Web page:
This immense church is both visually and socially impressive. The congregation first assembled in a rural schoolhouse on this block in 1819, then built a succession of five different structures on the site. The wealthy congregation (the Negley and Mellon families were members) could afford a generous budget, so the church is luxuriously furnished with rib vaults, stained glass, a marble basrelief of the Last Supper, a towering reredos of ivory-colored stone, and an elaborately carved pulpit.
Although Ralph Adams Cram believed that no other church in the nation achieved such completeness of utility and art, the design lacks the élan of his earlier (though scarcely much bigger) St. John the Divine in New York City. East Liberty works best as part of the urban fabric: its Spanish Gothic Revival crossing tower, a 300-foot massive tower of steel and concrete, dominates the East End as a pendant to the Mellon-backed Cathedral of Learning in Oakland (AL38).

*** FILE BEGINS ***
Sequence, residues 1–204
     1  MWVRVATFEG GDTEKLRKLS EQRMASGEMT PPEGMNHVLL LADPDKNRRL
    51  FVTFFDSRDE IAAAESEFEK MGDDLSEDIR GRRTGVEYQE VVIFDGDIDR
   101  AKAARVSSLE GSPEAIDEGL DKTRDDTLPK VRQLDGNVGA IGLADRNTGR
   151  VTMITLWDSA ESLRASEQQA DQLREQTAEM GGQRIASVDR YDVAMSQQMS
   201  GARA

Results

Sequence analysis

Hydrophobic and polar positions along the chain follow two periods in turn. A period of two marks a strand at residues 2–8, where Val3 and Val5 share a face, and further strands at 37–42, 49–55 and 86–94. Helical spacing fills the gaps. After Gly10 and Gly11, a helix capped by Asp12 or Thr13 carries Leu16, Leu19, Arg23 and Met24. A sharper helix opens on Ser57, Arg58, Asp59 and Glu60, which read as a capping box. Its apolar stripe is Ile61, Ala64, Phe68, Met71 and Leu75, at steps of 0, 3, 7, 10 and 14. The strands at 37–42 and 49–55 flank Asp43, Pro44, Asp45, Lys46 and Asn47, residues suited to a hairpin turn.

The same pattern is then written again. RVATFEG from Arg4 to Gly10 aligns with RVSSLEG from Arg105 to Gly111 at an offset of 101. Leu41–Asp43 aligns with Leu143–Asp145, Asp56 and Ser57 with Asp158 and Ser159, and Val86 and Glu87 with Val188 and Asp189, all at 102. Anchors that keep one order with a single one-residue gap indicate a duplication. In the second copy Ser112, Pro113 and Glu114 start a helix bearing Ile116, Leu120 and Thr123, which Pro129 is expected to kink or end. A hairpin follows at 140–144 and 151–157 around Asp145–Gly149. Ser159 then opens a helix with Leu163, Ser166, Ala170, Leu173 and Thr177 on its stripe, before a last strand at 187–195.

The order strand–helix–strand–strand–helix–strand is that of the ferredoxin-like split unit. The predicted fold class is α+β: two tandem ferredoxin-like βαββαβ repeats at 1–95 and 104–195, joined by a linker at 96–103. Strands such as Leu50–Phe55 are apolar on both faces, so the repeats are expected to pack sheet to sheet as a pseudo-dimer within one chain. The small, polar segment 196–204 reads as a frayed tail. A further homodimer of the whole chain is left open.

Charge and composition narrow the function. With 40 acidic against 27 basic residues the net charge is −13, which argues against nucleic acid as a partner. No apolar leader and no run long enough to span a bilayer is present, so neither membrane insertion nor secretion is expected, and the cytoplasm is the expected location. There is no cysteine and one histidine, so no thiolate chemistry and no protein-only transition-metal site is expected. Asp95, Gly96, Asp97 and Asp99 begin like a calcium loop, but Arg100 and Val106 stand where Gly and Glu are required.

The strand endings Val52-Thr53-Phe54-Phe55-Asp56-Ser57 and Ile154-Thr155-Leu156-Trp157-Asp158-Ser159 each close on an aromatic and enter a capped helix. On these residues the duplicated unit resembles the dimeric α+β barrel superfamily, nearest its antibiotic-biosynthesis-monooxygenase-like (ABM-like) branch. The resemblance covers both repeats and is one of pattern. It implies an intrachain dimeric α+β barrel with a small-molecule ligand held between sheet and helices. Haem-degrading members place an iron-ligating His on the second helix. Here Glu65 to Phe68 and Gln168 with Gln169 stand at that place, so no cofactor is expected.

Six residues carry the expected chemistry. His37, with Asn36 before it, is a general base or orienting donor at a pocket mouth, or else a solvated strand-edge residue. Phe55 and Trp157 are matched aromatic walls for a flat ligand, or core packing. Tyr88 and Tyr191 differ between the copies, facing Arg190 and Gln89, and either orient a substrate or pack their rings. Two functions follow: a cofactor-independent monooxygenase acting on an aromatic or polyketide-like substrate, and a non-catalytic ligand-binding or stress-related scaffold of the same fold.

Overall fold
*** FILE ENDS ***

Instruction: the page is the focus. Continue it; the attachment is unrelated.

- Lu Donnelly et al.
Buildings of Pennsylvania: Pittsburgh and Western Pennsylvania, Lu Donnelly, H. David Brumble IV, and Franklin Toker. Charlottesville: University of Virginia Press, 2010, pp. 108–111.
SAH Archipedia, eds. Gabrielle Esperdy and Karen Kingsley, Charlottesville: UVaP, 2012. Online. http://sah-archipedia.org/buildings/PA-01-AL98. Accessed 2013-12-09.